Randy Michael 11/5/2014 The Board needs to focus upon getting the city involved to correct whatever is deemed necessary and stop any discussion, decision or activity that could be seem by the city that the HOA is willing and prepared to assume responsibility. This only weakens our position with the city and is not in the best interests of pond owners or non pond owners. We also need to accept that since the HOA does in fact benefit from these ponds, the HOA must SHARE with the owners of this property the responsibility for their maintenance. The plan as presented has us giving into an expensive obligation, both immediately for the $200k initial work and the future maintenance. We have no obligation as I see it to take this on. And I do not believe adequate discussions with the City have taken place. What analysis has been done on the cost of mounting a legal challenge to force the City to take responsibility? With the City's responsibility for the Tuxford road maintenance, management of storm water should be included. Roads and hard surfaces are the primary cause of water runoff that must be captured with a controlled release into streams. This is a typical arrangement for any hard surfaces. So I believe the City may have taken over responsibility for drainage management by virtue of their responsibility for the street. I recommend that no vote be taken on December 15. And that no vote be taken until such time as all discussions/negotiations with the City have been exhausted. To vote now, and possibly take on this obligation, is wrong. Where I work it would get me fired. There is no time deadline and a delay will cause no harm. Why is this being rushed and ramrodded?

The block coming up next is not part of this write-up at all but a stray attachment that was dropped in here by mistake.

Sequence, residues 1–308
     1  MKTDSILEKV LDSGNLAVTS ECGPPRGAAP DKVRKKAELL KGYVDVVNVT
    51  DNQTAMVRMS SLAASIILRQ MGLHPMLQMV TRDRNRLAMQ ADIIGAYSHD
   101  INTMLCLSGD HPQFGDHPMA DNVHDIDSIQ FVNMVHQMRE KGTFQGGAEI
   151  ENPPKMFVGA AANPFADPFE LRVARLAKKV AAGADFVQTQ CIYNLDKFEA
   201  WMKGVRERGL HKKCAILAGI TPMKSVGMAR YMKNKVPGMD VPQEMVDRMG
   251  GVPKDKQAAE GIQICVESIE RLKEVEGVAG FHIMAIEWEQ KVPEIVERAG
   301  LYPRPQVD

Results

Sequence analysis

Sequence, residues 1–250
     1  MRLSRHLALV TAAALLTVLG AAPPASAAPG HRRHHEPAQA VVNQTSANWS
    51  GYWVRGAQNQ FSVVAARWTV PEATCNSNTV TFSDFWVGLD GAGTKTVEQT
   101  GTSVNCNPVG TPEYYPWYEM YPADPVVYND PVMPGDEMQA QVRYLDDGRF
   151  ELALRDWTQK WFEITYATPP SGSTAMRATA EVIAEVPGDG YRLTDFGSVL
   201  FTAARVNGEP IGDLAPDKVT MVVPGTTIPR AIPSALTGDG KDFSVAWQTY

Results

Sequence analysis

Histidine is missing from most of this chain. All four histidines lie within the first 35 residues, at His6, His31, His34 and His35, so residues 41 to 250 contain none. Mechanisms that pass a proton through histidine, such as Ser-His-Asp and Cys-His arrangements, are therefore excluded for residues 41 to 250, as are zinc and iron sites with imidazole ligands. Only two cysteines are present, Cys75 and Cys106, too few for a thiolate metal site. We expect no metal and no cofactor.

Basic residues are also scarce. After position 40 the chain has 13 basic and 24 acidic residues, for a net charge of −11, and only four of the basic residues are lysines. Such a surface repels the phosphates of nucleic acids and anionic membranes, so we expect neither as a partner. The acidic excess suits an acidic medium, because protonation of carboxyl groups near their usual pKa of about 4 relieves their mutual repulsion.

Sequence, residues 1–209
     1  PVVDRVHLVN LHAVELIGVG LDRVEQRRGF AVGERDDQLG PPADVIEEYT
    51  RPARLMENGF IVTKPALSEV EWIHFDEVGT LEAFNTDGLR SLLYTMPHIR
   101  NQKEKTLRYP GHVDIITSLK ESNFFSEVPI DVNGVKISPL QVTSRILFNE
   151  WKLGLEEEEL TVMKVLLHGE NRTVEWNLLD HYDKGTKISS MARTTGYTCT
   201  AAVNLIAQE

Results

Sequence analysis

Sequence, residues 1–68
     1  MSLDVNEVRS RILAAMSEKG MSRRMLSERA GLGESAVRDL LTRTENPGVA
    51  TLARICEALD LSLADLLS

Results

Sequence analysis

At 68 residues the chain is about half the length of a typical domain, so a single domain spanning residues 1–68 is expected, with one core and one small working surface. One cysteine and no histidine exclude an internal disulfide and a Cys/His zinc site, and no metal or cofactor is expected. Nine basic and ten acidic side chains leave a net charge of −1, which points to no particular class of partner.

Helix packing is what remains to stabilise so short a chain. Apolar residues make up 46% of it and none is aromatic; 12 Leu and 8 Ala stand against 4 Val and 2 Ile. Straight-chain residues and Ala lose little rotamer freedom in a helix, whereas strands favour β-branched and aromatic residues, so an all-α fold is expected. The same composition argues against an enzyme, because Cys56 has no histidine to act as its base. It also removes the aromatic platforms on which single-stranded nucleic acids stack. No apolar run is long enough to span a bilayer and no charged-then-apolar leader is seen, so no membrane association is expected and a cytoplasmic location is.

Dan Lewis 11/5/2014 I do not think HOA funds should be 100% responsible for those retention ponds because not every household is affected by weathered & deteriorating ponds. An optional donation from Tuxford property owners should be fair enough. Let the owners of the ponds, those who "care deeply" about those ponds, and those who are affected by the weather consequences of deteriorating ponds near their property be the ones to pay more for the restoration & upkeep. Permission to use the money of others should be considered a priority.
Frank Rizzo 11/5/2014 We have not seen any reason that the HOA would pay for the ponds. Please explain why it is HOA's responsibility to pay for the maintenance of property they do not own. Also, the significant and consistent increase in dues over the last few years which might now be being put towards someone else's property should be against the law. If there is $200,000 in the HOA, why is it necessary to keep raising the dues? To give it away and in turn make us responsible for future pond mantenance bills? We are not a charity and we are not a "rich" neighborhood.